I'm working on the art piece, bit by bit.  We haven't come to a common understanding of how we're going to converse, but I've not doubt the piece will have its say at some point!   At the moment I'm adding beads as the spirit moves me. 

I can see the piece in my head, of course, but the chances that it will end up looking that way are pretty slim.  I may need to pick up some spinning or knitting while waiting for the conversation to start.  I can be patient.  Maybe.  Sort of.

Saturday, June 9, 2012

Somthing's brewing...

A new art quilt is in the works.  I'd tell you what I have in mind, but quilts always have a mind of their own, especially these artsy kinds of things.  And what I have in my head doesn't always work out as I planned, or I figure out a different--hopefully better--way to do things. (In case you didn't catch the subtle note of "well, that didn't work out so well, let's go to Plan B" in there--ask me how I know that things go that way!).

So, here's a hint--any ideas about what I'm doing?  No, they aren't ties.....although....hmmm.  That gets some ideas moving....
(I have moved further on this and I'll post some more photos as it progresses. )

Sigh.  When I couldn't sleep this morning (being of a certain age), I planned out another project or two.   I will sketch them out, along with my notes, fully aware that they're going to have the final say in how they go!  But with another project (or two, or three, or...) running around in my head, demanding attention, it takes more discipline for me to focus on a WIP.   Have I mentioned that I have the attention span of a 2 year old?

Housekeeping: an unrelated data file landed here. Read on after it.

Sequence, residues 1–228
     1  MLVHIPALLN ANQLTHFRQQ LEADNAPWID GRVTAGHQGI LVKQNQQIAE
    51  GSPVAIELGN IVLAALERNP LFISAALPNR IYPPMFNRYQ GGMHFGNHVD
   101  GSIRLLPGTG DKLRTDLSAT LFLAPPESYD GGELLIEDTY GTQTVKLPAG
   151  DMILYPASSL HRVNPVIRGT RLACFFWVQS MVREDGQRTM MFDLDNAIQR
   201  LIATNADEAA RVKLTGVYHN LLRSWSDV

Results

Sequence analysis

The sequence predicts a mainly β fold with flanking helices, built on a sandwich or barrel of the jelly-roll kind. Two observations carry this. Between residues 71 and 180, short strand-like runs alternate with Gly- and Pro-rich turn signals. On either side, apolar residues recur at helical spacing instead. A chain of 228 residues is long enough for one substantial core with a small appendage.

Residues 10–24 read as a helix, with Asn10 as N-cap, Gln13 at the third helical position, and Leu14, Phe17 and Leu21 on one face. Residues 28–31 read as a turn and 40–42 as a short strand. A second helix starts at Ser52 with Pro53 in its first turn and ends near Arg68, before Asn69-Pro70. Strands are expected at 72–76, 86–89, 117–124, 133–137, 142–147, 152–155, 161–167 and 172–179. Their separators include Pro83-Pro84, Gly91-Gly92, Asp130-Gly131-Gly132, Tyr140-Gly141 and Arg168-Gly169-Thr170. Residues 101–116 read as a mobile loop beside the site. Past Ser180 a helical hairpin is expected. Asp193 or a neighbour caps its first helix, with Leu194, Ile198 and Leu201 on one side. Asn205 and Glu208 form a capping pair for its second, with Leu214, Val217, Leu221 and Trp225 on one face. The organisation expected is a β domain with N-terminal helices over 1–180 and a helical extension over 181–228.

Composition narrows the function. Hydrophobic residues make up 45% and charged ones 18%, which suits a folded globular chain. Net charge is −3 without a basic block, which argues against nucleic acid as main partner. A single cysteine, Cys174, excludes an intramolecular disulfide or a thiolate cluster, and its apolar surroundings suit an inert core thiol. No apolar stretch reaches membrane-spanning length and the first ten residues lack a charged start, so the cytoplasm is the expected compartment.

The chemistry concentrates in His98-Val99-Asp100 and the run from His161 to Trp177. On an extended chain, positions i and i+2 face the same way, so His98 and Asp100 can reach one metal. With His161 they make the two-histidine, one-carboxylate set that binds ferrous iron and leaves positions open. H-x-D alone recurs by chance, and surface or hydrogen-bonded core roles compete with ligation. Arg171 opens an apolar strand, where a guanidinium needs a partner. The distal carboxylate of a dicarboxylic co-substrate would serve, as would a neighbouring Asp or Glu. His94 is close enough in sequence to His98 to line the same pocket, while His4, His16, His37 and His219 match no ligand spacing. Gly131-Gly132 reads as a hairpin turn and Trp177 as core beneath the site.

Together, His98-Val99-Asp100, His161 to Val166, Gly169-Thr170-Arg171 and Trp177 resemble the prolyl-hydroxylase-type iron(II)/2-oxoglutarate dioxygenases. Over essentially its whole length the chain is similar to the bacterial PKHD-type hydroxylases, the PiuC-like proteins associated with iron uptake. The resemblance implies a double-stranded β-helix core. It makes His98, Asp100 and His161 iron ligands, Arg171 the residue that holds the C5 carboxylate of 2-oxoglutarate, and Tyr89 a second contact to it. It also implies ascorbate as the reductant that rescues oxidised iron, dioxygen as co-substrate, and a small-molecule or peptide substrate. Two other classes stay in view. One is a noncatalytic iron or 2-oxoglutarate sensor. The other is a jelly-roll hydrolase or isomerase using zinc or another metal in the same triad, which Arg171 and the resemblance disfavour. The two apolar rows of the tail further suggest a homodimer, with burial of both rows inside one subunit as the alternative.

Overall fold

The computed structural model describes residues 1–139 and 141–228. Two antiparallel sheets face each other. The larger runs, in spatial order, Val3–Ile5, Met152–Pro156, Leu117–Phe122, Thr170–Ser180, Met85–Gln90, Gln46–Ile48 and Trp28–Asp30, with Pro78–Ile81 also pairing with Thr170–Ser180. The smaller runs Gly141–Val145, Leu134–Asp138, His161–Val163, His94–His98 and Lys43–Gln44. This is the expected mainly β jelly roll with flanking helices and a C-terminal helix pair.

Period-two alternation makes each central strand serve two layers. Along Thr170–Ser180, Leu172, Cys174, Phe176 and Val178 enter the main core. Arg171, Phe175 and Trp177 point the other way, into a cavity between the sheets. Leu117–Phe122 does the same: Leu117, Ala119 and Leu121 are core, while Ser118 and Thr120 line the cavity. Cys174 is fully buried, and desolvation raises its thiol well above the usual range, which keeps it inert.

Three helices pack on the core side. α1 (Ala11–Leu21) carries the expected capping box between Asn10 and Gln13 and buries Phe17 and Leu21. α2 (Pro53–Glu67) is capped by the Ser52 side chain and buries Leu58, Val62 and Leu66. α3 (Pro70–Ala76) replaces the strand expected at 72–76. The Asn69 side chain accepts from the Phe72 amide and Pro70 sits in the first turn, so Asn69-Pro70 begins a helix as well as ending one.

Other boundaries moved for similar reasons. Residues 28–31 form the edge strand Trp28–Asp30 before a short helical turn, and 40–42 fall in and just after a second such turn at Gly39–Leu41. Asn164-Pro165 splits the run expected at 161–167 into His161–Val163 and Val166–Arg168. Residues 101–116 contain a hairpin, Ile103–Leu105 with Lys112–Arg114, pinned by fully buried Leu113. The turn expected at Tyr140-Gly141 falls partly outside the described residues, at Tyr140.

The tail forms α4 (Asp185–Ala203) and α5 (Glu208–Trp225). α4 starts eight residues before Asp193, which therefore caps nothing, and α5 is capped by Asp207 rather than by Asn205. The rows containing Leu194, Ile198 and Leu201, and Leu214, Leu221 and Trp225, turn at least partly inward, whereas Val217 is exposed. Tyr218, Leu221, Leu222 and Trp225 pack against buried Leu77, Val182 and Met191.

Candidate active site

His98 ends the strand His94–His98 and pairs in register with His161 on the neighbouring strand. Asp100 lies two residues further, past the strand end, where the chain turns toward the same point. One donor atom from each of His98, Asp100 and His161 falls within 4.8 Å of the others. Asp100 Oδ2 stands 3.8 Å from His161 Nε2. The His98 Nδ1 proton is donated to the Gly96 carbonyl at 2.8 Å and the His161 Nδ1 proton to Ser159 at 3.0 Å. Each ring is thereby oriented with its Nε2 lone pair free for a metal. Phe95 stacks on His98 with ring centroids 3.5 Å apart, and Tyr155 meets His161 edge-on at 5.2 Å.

When did I lose control of my life?  ;-)

Saturday, June 2, 2012

Back to the Spindle

I learned to spin on a spindle but was very glad to be able to switch to a wheel after a short time because I found the spindle cumbersome to use:  it didn't spin for very long, and trying to coordinate learning to draft while trying to figure out the "physics" of the spindle was frustrating.  I managed it, but I wasn't very happy with the results.

Recently I bought a Golding spindle.  I confess that I bought it mostly because it's beautiful but I was happily surprised when I actually tried it for spinning; it was well balanced and heavier than my beginning spindle, and I swear that it would spin forever if I let it go!  So, I'm back to doing some spinning on drop spindle.   It's taking me a little while to coordinate my hands and pinch at just the right point while I"m drafting, but it's a much more enjoyable process with this spindle--it's beautiful while it's working so well!

When I've spun enough that I want to wind off, because the balance changes, I am winding it onto my weaving shuttle bobbins.